They came for different reasons but the people who showed up at the Sacramento Horsemen's Association corrals Saturday looking to adopt a wild horse or burro agreed on one thing - there is an element about horses that casts a spell of tranquility and happiness on those around them.
Ranging from black to tan to gray, 14 wild horses and five burros trotted in pens at the North Highlands facility for the Bureau of Land Management's adoption program, which featured a silent auction in the morning and an open adoption in the afternoon. Horses that didn't receive morning bids were available for $125 in the afternoon.
One of the oldest horses available, a 6-year-old black mustang that had already been "gentled" - or halter trained - caught the eyes of many.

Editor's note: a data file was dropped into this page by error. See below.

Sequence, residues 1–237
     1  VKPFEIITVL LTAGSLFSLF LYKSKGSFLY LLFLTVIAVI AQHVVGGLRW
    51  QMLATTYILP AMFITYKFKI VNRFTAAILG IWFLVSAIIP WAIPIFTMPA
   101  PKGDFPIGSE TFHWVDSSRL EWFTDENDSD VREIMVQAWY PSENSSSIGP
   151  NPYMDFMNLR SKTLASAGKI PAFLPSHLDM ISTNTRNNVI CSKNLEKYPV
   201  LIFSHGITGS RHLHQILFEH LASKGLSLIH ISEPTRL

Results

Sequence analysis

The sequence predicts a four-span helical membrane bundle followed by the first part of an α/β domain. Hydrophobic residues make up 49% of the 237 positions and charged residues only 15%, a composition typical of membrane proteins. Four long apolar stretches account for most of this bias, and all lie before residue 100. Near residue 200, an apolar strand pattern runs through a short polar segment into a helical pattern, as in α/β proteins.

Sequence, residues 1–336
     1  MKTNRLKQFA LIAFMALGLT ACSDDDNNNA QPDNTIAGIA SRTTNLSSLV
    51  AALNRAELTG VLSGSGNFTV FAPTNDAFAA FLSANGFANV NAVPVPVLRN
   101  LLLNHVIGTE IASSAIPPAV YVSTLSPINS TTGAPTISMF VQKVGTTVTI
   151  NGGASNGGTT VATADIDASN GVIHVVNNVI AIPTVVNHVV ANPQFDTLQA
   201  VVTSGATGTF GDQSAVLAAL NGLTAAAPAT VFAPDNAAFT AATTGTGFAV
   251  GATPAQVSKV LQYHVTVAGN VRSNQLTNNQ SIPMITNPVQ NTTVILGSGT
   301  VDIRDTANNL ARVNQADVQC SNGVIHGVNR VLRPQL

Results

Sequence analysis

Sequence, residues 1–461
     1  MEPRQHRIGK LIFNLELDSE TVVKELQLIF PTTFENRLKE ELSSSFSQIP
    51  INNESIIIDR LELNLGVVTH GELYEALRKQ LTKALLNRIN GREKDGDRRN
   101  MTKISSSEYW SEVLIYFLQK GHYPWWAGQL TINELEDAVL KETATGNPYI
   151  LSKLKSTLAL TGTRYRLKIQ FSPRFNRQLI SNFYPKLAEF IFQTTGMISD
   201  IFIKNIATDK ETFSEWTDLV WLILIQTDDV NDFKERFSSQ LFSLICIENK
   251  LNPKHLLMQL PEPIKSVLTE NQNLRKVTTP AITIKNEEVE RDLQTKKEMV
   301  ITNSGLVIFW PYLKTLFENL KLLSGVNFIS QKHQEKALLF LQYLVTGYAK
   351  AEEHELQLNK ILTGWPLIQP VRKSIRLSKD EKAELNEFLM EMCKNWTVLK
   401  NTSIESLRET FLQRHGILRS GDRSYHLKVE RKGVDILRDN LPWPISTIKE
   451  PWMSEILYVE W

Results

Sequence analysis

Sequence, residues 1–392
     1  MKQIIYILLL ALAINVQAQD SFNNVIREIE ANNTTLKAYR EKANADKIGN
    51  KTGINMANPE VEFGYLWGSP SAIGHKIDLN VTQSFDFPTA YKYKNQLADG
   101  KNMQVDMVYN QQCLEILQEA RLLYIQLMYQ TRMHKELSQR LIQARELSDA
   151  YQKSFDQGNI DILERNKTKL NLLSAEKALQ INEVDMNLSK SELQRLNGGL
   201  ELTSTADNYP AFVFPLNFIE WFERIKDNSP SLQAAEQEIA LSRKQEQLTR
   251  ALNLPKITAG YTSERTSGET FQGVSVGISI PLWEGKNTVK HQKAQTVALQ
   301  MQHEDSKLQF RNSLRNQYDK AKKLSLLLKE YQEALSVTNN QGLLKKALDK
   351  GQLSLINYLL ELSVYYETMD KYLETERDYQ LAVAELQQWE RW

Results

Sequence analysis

Cariel Hollmer, a 19-year-old Sierra College student, won the horse with a $440 bid. She said she's loved horses for longer than she can remember and she likes mustangs for their sturdiness and dependability.
"You've got horse in your blood," she said about her attraction to the animals. "You can't get it out."
The horses mostly hailed from Nevada. The burros were mostly from Twin Peaks, near Lake Arrowhead. Until last fall, all of the horses were living in the wild, according to Amy Dumas, manager of the wild horse program for BLM in California.
She said they had been gathered in a round-up, a BLM tactic used to maintain the growing population of wild horses. She likened the process to a helicopter acting as a sheepdog and herding horses into pens.
Roundups are controversial - on Tuesday, about 15 people from throughout California and Nevada protested BLM's roundup program outside of Sacramento's federal courthouse. The protestors said horses are a national symbol of freedom that deserve to stay in the wild and roundups are abusive.
Dumas said most people who protest roundups don't understand them. Beverly Moss, who attended Saturday's event with family members, agreed and said she has watched a BLM roundup.
"I did not see abuse at all," she said. "I felt like they really cared about the horses."
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